For years we’ve been told that saunas are good for our health. But what we don’t often hear about are the misconceptions surrounding their use. In this article we reveal the sauna benefits and myths you need to know about
For some time, we’ve been told there is a positive correlation between sauna use and circulatory, respiratory, cardiovascular and immune functions. For example, regular sessions may stabilize the autonomic nervous system, reduce blood pressure/inflammation, lower oxidative stress, eliminate the circulation of bad cholesterol and reduce arterial stiffness/ vascular resistance.
Furthermore, saunas could also stimulate physiological responses in the body similar to what we experience during exercise. This means there could be additional cardiovascular benefits when pairing workouts with sauna sessions.
In fact, a recent study conducted by sports scientists at Martin Luther University Halle-Wittenberg and the Medical Center Berlin showed a rise in blood pressure during sauna sessions which was similar to what is experienced during short, moderate exercise.
Why are saunas so relaxing?
Many scientists believe that the feelings of relaxation, improved mental health and overall well-being experienced from saunas are likely due to a surge in endorphins.
What Is Finnish Sauna Bathing?
Finnish Sauna Bathing exposes the body to high environmental temperatures (80-100 degrees C) for a brief period of time. According to some studies, most people are able to tolerate the heat well (even those who may suffer from cardiovascular disease).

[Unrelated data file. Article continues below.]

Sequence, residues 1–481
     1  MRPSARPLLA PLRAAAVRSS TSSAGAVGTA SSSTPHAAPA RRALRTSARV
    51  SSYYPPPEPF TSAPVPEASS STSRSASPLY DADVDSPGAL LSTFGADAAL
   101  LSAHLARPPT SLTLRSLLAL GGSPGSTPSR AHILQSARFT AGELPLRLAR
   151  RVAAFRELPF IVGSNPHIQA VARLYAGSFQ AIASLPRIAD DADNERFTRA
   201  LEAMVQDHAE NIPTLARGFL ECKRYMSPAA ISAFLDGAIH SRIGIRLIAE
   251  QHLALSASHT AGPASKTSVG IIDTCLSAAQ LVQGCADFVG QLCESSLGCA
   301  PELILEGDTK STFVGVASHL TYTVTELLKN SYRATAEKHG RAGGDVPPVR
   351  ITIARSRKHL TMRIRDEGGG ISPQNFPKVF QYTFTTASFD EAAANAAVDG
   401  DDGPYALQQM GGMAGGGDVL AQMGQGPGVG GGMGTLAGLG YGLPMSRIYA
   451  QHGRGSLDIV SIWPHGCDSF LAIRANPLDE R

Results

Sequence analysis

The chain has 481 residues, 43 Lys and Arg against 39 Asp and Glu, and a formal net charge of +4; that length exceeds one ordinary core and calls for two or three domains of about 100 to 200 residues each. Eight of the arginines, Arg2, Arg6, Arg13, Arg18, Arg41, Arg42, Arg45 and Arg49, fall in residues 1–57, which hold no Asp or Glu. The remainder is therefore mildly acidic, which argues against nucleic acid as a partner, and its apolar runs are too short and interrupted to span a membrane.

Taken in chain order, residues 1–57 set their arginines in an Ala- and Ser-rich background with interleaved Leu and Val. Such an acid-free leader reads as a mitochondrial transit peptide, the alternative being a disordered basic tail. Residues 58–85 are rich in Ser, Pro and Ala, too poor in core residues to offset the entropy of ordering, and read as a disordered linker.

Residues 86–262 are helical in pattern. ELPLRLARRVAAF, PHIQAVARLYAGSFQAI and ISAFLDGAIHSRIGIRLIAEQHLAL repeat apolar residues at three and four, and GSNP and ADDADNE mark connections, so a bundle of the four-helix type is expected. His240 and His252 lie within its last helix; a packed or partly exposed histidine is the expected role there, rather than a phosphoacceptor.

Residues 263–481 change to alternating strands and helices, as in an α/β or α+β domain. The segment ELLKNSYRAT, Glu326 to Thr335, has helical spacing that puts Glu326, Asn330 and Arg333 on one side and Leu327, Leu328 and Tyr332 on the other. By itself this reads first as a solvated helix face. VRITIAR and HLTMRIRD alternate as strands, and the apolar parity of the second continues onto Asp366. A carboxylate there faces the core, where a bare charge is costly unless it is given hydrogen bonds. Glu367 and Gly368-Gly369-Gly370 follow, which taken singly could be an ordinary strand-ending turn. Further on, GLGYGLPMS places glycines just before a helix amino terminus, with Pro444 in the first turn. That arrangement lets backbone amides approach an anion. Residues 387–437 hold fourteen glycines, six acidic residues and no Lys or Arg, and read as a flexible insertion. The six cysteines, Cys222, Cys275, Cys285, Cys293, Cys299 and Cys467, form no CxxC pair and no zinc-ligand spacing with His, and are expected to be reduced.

Do saunas really reduce blood pressure?
The Sauna and Cardiovascular Health project provides new insight into how the body is affected by short sauna sessions. The study analyzed the effects of a 30-minute sauna bath in 100 test subjects. Immediately after the session, participants experienced a reduction in mean systolic blood pressure from 137mmHg to 130 mmHg and a decrease in diastolic blood pressure from 82 mmHg to 75 mmHg.
A third study — conducted by the University of Eastern Finland — showed that sauna bathing could also prevent the risk of high blood pressure. The men who engaged in sauna use four to seven times per week were 50 per cent less likely to have elevated blood pressure when compared to those who had just one session per week.
What about Infrared Saunas?
Lately, we’ve been hearing a lot about Infrared Saunas. So you may be wondering, what’s the difference and are they better?
Basically, an infrared sauna uses light to create heat, whereas a traditional sauna uses heat to warm the air. In comparison, an infrared sauna heats your body directly without warming the air around you. Therefore, the only significant difference seems to be the amount of heat produced, potentially making infrared saunas more tolerable. In fact, there is no concrete evidence showing that one type of sauna is better than the other (according to the Mayo Clinic).
Does sweating release toxins?
You’ve probably heard that sweating releases toxins, which may lead to better skin, improved mood and even weight loss. However, according to an article published in the Los Angeles Times, the primary purpose of sweat is to cool your body down when it overheats. Dr. Dee Anna Glaser, professor of dermatology at St. Louis University, says the liver and kidneys filter toxins from our blood, not our sweat glands. Therefore it’s actually quite the contrary to what we may think: “heavy sweating can actually prevent detoxification,” she says.
Although further research is needed on this topic, there’s no denying that sauna use is a great way to relax, reduce stress and improve your mood; especially in the winter.